Russell Cooper Net Worth, Biography, Age, Weight, Height


Russell Cooper Net Worth

How rich is Russell Cooper? For this question we spent 24 hours on research (Wikipedia, Youtube, we read books in libraries, etc) to review the post.

The main source of income: Celebrities
Total Net Worth at the moment 2024 year – is about $193,2 Million.



Russell Cooper information Birth date: 1941-02-04 Profession:Camera Department Nationality:Australian

Height, Weight

:How tall is Russell Cooper – 1,71m.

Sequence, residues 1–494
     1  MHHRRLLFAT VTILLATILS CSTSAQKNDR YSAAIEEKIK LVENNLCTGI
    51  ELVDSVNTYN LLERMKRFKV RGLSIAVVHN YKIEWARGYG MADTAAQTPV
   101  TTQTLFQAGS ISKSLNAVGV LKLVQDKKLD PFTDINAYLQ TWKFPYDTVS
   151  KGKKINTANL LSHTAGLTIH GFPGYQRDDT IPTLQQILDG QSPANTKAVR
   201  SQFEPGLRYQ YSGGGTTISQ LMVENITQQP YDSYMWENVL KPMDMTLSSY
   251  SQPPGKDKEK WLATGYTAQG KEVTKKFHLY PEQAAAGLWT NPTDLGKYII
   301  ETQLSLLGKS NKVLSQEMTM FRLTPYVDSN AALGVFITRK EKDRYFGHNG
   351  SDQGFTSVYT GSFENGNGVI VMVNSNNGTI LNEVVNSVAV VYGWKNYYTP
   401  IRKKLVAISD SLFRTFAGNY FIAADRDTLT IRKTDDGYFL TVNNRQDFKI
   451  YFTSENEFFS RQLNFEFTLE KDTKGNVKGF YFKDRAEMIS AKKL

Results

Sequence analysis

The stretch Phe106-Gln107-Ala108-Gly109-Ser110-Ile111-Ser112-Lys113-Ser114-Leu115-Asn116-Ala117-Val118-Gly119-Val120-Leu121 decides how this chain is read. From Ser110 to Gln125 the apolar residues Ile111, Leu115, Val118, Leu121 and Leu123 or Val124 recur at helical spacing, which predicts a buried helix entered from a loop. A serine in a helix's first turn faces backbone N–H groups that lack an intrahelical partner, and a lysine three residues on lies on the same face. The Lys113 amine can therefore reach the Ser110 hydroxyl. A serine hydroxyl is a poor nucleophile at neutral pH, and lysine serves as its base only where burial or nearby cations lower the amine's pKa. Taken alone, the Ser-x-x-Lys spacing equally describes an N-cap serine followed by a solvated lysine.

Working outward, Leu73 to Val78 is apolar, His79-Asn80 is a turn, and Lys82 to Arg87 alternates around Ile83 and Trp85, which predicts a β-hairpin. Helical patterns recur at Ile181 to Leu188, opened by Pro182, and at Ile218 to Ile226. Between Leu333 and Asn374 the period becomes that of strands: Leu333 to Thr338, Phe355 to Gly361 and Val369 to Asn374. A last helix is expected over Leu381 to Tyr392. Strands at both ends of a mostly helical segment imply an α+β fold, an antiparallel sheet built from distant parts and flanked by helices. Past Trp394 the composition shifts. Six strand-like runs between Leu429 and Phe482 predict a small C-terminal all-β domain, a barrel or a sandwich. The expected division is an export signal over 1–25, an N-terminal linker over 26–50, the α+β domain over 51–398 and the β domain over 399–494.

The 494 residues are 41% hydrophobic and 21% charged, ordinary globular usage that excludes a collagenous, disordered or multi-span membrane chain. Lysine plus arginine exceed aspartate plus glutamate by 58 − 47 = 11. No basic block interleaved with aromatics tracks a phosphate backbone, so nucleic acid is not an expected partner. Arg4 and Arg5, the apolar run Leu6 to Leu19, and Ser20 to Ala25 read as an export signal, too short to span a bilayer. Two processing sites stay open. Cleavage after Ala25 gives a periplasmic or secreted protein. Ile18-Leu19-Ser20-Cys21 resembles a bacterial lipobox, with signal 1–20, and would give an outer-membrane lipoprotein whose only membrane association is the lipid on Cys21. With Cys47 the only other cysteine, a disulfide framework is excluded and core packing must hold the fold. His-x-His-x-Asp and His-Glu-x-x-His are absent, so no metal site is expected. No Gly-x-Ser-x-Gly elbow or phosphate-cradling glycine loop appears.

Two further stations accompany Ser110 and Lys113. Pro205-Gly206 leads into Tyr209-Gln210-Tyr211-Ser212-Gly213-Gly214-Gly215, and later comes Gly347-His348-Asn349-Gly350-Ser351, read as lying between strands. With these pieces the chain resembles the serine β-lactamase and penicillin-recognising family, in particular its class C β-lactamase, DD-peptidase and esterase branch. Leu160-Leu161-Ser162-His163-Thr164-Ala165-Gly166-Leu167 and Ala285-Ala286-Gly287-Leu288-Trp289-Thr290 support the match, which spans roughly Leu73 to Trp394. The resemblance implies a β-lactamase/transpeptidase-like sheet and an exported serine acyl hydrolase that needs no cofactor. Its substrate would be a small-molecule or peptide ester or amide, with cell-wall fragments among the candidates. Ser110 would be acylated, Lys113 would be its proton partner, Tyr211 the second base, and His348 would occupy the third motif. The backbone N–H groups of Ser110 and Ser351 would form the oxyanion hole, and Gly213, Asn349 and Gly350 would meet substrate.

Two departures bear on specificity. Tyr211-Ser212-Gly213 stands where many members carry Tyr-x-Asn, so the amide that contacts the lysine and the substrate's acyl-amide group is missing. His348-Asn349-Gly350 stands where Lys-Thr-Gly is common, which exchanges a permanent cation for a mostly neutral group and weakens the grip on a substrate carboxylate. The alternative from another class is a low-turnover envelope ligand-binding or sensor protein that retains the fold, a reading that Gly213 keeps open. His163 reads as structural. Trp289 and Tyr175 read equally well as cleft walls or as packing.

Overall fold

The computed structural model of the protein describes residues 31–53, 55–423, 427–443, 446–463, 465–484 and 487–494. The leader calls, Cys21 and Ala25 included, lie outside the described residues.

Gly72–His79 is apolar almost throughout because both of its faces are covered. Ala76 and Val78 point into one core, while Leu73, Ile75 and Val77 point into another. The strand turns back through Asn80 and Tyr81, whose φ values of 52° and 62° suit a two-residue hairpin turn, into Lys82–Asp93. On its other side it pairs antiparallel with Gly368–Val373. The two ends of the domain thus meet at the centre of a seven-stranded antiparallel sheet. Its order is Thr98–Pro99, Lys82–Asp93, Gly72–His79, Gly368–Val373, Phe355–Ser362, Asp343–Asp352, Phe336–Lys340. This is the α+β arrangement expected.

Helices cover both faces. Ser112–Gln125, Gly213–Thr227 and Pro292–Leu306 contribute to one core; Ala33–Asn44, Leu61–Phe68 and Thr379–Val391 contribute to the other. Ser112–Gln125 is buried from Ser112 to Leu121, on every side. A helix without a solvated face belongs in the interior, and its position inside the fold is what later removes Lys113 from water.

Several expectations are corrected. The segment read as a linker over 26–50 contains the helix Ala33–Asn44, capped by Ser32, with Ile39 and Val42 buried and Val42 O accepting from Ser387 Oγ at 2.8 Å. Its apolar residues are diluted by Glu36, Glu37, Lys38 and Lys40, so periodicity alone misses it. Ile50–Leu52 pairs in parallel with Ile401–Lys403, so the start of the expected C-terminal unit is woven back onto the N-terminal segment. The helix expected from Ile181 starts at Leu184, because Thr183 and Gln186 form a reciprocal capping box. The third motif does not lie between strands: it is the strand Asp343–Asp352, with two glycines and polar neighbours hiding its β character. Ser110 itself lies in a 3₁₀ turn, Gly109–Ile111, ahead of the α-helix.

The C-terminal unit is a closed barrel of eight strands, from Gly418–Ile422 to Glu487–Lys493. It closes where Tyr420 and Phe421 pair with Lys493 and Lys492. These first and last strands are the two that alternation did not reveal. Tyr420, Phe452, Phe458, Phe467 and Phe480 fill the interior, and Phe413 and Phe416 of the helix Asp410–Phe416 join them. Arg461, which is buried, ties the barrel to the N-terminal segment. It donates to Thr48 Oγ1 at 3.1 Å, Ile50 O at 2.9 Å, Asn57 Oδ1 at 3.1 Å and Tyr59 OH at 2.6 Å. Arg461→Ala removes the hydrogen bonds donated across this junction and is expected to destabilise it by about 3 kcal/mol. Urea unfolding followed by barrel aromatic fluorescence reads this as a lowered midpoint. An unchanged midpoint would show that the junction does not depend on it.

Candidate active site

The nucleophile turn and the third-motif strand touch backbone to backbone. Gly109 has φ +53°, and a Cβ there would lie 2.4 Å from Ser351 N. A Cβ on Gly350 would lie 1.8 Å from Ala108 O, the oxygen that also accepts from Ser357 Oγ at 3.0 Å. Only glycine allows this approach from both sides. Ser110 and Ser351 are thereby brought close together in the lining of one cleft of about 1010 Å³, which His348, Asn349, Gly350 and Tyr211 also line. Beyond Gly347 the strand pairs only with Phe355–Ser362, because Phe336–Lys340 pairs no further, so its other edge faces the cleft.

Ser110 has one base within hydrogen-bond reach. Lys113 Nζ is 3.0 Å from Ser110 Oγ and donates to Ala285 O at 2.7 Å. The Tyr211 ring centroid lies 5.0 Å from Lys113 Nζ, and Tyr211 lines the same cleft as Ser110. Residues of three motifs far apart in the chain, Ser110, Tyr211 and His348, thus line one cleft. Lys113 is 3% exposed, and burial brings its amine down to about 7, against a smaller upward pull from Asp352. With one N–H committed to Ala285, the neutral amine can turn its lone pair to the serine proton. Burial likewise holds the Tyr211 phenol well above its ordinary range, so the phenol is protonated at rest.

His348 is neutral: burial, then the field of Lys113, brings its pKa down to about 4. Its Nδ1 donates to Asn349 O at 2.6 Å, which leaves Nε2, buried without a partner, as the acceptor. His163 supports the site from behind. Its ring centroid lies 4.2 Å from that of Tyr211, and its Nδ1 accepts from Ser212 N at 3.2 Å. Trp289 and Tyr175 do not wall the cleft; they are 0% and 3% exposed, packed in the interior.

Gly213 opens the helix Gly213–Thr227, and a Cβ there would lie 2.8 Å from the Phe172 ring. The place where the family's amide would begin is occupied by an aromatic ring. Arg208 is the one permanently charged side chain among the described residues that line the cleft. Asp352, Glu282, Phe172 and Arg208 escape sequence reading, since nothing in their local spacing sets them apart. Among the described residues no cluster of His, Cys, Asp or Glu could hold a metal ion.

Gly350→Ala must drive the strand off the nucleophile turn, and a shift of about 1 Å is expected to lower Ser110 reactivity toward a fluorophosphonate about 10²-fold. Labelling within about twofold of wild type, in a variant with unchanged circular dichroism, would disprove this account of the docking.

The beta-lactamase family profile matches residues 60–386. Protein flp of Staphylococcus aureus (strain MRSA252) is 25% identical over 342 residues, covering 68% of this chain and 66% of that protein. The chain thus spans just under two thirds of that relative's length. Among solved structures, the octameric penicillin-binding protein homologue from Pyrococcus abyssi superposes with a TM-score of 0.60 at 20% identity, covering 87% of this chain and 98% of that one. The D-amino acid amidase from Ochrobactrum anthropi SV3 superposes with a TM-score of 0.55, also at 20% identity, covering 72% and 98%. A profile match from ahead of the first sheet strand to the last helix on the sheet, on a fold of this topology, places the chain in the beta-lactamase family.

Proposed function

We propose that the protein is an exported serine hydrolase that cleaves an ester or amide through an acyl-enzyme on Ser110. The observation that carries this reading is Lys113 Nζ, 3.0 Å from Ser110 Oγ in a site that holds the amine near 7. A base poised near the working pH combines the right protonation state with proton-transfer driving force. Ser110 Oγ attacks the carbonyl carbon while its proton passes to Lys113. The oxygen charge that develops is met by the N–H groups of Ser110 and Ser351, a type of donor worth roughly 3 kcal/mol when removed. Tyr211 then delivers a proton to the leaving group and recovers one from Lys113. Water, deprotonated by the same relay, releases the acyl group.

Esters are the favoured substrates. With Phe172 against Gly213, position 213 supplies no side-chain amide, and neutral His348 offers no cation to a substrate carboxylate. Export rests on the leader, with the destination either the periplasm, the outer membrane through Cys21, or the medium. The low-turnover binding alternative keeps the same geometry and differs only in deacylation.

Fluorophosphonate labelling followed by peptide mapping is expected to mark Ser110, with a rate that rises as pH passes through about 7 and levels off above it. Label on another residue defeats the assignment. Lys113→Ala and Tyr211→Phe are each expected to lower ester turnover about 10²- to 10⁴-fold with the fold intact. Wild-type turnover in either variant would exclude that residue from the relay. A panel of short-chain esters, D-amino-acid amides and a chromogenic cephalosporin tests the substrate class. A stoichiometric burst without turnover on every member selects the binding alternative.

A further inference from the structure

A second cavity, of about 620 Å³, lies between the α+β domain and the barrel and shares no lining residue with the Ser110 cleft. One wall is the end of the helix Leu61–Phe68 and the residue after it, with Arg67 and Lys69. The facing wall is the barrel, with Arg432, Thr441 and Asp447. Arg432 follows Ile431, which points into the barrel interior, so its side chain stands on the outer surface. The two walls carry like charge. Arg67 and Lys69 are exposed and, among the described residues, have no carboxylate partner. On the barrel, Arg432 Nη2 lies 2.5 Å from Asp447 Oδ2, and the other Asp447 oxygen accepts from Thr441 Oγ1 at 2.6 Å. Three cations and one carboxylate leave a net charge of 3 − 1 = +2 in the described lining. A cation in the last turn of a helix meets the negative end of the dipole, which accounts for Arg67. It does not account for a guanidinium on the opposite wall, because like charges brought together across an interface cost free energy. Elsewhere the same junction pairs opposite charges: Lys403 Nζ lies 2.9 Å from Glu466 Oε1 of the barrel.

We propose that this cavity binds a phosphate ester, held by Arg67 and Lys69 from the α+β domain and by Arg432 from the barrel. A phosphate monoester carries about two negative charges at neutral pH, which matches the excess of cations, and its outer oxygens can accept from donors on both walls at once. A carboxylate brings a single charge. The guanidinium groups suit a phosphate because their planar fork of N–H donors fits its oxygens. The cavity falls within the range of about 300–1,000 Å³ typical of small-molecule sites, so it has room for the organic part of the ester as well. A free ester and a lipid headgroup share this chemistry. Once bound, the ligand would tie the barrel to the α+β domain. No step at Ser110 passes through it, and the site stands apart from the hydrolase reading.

How much weight is Russell Cooper – 62kg


Russell Cooper Net Worth
Russell Cooper Net Worth
Russell Cooper Net Worth
Russell Cooper Net Worth


Theo Russell Cooper Template:Post-nominals (born 4 February 1941 in Brisbane) is a former Australian National Party politician. He was Premier of Queensland for a period of 73 days, from 25 September 1989 to 7 December 1989. His loss at the state election of 1989 ended 32 years of continuous National Party rule over Queensland.